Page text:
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Longmont City Council members expressed their unanimous support Tuesday night for a  proposal to close one lane of Main Street in either direction between Third and Sixth avenues, starting sometime in July and possibly lasting through the end of September.

Technically, the Council members’ actual vote was to approve a resolution between Longmont and the Colorado Department of Transportation for a special use permit for restaurant and retail use of part of the right-of-way of Main Street, which is also U.S. 287.

City staff and representatives of the Longmont Downtown Development Authority, whose board approved the lane-closing plan last week, did not during Tuesday’s Council meeting state the date when the lane closing is expected to commence.

One of those urging that the Council support the proposal as a way to help downtown businesses and their employees recover from the ongoing negative financial impacts of the coronavirus pandemic was Chris McGilvray, vice chairman of the Downtown Development Authority board and chairman of the Longmont Area Chamber of Commerce board.

“We’ve experienced sudden shuttering of many of our local businesses,” McGilvray said, particularly in the downtown, which he said is “the largest concentration of locally owned businesses in our community.”

McGilvray said closing down one of Main Street’s southbound lanes and one of its nortbound lanes, along with the elimination of curbside parking alongside those closed lanes, could “encourage us to slow down, hopefully, and buy stuff.”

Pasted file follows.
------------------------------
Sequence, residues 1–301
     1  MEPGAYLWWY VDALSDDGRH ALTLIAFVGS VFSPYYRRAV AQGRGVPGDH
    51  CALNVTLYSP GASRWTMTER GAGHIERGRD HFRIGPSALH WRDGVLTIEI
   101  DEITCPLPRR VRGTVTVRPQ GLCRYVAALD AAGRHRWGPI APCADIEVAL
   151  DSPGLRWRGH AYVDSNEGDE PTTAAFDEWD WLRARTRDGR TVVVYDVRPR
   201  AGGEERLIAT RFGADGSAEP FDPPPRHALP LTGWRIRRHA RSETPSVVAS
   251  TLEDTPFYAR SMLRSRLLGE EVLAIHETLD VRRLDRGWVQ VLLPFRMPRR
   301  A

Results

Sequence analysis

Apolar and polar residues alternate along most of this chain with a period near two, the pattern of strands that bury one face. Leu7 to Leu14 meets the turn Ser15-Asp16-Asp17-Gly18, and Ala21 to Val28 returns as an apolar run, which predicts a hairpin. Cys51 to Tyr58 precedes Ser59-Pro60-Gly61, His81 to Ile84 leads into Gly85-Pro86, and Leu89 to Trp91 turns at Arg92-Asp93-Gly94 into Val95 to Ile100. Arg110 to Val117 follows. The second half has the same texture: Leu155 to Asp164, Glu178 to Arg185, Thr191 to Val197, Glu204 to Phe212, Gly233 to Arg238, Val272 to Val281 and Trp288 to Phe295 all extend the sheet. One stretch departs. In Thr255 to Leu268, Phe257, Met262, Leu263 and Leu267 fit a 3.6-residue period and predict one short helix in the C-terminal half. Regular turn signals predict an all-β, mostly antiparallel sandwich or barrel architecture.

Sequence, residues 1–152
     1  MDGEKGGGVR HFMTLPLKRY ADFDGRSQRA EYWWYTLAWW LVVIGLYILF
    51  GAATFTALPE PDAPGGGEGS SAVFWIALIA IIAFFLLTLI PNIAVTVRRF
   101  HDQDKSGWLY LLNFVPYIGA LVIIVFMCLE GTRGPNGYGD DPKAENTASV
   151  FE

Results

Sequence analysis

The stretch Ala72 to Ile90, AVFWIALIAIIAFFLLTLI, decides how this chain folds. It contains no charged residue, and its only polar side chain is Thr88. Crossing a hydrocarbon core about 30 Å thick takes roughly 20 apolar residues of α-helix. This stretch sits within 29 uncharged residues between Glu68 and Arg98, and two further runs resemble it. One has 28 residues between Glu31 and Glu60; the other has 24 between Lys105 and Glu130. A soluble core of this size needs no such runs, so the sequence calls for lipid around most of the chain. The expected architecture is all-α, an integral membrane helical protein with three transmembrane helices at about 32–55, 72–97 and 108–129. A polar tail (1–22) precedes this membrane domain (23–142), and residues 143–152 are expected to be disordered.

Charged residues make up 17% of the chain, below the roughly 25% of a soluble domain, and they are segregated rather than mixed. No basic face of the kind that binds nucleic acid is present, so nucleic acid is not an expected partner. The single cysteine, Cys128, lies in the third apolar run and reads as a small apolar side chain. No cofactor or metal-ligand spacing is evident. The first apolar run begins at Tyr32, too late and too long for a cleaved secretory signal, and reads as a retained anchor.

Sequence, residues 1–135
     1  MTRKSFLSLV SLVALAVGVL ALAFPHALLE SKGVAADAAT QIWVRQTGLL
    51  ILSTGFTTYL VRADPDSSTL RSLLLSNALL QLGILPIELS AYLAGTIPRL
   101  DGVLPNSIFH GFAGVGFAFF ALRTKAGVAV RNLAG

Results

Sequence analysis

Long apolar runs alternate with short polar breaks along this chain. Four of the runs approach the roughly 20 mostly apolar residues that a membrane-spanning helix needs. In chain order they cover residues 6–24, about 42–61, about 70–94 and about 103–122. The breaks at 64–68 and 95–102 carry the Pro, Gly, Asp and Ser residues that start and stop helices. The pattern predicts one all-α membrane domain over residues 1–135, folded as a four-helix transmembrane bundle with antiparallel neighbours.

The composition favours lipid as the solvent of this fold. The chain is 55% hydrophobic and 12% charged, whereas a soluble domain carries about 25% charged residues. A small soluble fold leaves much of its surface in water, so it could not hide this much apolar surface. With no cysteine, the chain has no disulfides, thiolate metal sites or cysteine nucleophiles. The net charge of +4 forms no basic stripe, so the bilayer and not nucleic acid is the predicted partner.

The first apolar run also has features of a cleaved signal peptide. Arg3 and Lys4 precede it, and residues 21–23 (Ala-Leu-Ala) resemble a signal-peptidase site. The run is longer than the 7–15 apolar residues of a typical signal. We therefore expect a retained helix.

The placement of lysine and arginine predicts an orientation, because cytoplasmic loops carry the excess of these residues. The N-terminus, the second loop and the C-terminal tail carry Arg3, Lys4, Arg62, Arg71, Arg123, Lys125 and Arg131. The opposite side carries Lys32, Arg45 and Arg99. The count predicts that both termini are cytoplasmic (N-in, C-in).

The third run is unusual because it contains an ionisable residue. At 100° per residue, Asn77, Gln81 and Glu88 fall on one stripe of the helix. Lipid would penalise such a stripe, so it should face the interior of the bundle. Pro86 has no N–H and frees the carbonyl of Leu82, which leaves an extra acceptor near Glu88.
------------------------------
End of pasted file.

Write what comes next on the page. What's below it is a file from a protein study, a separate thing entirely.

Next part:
However, the Council also heard from a pair of critics of the plan, Haydn Peacock, who owns the Chinese Medicine Clinic, at 385 Main St., and his wife, Christine Dominick.

Peacock said, “This proposal is going to cause chaos downtown” with its elimination of parking spaces that he suggested are crucial to the customers of businesses like his.

Dominick said a better idea would be to promote the use of alleys by restaurants and other businesses seeking to observe safe-social-distancing and masking requirements.

Downtown Development Authority Executive Director Kimberlee McKee said one possible way to accommodate the business owners on the west side of the 300 block of Main would be to shorten the closing of the southbound lane, limiting it to the two bocks between Sixth and Fourth avenues and leaving the on-street parking available on the west side of the 300 block.

But none of the Council members moved to make that a condition of their approval of the agreement with the Colorado Department of Transportation.

Councilwoman Polly Christensen urged that the plan include a bike lane for cyclists, and Mayor Brian Bagley expressed hope that the closings won’t add much time to what it takes people like him, who drive on Main from southside Longmont to commute to their workplaces north of the downtown.

“I think it’s a good experiment,” Councilwoman Joan Peck said, but she also asked what might be done if the city finds out after 45 days, for example, that it’s not working and is actually having a negative effect on some businesses.

Longmont Transportation Planning Manager Phil Greenwald said the city will be evaluating its traffic impacts and that if anything negative arises in those, the city can remove the concrete barriers that’ll be used to close the lanes.

“We have that ability, if things really go south on us,” Greenwald said.

 

 

 

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